• Chris Langton (Ph.D.) Computer Science. “Father” of Artificial Life, described as: “...the study of man-made systems that exhibit behaviors characteristic of natural living systems". Founder of the Swarm Corporation. Distinguished Expellee of the Santa Fe Institute.
  • Eugene McAllaster, (BS 1889) Distinguished Seattle naval architect and marine engineer with his own firm McAllaster & Bennett. Designer of Seattle's historic fireboat Duwamish (1909) and consulting engineer on Seattle's massive Denny Hill and Jackson Street Regrades.
  • Sid Meier Considered by some to be the “...father of Computer Gaming.” Created the computer games Civilization as well as Pirates!, Railroad Tycoon and SimGolf.
  • Kevin O'Connor (BS EE 1983) – Founder of DoubleClick, initially sold for $1.2 billion, and later acquired by Google for $3.1 billion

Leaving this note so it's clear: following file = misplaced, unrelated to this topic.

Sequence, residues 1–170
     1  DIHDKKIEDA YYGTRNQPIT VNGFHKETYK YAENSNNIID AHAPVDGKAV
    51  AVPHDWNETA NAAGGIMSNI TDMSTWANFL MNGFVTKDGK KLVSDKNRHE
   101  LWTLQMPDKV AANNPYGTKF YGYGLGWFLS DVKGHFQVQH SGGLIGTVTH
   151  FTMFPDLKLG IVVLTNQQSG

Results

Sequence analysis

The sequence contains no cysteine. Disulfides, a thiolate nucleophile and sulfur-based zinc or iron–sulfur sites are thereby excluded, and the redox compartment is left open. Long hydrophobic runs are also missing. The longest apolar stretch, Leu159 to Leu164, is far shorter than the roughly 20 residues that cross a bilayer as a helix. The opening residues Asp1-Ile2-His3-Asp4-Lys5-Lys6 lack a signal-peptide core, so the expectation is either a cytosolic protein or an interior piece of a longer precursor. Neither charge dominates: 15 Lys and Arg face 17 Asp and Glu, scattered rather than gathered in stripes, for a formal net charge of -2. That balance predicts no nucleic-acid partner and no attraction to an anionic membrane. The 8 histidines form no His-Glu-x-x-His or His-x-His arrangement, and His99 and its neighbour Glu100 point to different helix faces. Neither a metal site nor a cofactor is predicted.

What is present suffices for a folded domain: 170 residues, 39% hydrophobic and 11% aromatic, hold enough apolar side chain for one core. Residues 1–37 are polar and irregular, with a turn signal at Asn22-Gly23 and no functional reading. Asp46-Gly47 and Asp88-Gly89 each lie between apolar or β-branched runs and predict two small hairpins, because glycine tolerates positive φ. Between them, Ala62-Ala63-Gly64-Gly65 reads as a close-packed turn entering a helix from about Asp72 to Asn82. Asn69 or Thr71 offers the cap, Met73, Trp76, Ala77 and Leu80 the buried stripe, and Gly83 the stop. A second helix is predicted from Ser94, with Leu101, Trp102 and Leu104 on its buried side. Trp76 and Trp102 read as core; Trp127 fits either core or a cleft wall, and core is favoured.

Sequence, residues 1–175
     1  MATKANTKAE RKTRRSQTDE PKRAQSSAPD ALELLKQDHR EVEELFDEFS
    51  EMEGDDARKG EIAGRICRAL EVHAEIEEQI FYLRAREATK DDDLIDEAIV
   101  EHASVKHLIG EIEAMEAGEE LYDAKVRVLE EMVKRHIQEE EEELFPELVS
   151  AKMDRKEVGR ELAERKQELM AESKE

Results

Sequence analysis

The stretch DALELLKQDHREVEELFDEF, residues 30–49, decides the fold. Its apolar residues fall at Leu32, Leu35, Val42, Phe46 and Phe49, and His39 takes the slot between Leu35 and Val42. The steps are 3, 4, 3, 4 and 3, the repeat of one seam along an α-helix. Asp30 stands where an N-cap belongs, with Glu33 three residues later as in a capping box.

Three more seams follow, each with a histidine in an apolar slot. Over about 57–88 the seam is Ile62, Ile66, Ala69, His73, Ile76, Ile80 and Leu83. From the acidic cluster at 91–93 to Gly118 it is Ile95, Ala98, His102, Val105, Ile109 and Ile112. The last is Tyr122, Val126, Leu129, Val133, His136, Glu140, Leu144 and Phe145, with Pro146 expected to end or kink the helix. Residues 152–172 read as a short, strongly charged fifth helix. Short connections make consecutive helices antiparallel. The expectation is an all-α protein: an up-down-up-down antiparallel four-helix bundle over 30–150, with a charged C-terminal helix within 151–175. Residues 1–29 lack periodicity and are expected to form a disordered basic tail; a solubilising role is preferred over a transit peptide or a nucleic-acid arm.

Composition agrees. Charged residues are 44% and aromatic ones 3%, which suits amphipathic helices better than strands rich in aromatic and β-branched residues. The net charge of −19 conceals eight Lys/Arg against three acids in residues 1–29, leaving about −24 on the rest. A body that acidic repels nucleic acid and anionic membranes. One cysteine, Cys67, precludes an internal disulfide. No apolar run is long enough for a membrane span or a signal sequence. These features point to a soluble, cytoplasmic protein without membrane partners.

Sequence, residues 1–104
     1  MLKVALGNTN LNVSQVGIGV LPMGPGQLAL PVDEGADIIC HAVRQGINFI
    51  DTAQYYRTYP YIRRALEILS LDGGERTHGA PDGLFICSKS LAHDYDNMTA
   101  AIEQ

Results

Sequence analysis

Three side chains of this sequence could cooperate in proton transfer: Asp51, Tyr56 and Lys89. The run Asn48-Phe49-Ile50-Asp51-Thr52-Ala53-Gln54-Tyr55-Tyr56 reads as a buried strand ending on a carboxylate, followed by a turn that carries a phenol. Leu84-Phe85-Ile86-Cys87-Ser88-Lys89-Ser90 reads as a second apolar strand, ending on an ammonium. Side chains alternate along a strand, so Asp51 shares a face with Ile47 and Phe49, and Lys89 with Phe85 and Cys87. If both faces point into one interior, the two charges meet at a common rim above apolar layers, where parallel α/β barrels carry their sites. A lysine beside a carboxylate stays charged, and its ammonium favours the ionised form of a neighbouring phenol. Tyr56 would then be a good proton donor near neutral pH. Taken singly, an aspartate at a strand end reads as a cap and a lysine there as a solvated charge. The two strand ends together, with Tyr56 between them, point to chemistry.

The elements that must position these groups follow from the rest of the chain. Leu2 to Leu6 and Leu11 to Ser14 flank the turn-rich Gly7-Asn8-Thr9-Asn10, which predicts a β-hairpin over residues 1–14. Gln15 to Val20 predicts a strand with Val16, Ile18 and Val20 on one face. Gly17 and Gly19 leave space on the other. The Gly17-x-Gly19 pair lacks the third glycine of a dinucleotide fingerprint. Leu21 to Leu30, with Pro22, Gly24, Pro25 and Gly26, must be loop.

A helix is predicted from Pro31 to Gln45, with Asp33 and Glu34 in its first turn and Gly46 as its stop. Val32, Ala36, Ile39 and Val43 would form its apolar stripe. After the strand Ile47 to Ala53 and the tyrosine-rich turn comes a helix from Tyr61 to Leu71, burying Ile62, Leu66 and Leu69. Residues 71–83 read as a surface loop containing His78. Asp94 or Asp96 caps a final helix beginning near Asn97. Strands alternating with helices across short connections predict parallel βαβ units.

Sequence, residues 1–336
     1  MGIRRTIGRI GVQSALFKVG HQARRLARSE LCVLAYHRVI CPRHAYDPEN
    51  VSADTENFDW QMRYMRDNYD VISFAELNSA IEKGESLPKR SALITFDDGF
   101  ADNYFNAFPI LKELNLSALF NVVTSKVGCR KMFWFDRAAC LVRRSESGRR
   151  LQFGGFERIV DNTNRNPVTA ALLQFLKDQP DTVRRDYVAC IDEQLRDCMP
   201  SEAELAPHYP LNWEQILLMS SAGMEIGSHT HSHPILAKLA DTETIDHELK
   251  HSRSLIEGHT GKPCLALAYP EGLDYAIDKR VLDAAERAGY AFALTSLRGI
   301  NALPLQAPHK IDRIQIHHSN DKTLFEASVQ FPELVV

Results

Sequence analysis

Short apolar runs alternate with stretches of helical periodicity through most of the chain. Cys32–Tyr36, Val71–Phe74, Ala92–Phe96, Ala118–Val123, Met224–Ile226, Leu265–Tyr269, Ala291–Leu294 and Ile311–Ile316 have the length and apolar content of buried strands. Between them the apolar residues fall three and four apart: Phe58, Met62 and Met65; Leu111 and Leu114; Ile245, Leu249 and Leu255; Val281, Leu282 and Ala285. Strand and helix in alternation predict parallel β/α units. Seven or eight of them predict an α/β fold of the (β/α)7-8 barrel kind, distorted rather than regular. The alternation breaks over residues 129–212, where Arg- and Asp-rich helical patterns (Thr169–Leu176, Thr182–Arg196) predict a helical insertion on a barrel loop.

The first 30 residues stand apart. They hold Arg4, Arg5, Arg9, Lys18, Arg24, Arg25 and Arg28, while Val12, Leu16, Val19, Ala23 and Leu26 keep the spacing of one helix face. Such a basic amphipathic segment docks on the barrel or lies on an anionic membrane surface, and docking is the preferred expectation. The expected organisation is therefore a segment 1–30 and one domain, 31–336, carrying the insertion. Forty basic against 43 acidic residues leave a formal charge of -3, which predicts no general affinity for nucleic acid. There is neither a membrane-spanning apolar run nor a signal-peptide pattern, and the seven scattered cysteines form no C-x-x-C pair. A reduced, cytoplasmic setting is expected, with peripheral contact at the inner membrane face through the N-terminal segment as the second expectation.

• Kunle Olukotun (Ph.D.) is a pioneer of multi-core processors, a professor of electrical engineering and computer science at Stanford University and director of the Pervasive Parallelism Laboratory at Stanford and an IEEE award winner.
  • Larry Page (COE: BSE 1995) – Co-founder of Google. In 2002, Page was named a World Economic Forum Global Leader for Tomorrow. He is a member of the National Advisory Committee (NAC) of the University of Michigan College of Engineering, and together with co-founder Sergey Brin, he was honored with the Marconi Prize in 2004. He is a trustee on the board of the X PRIZE and was elected to the National Academy of Engineering in 2004.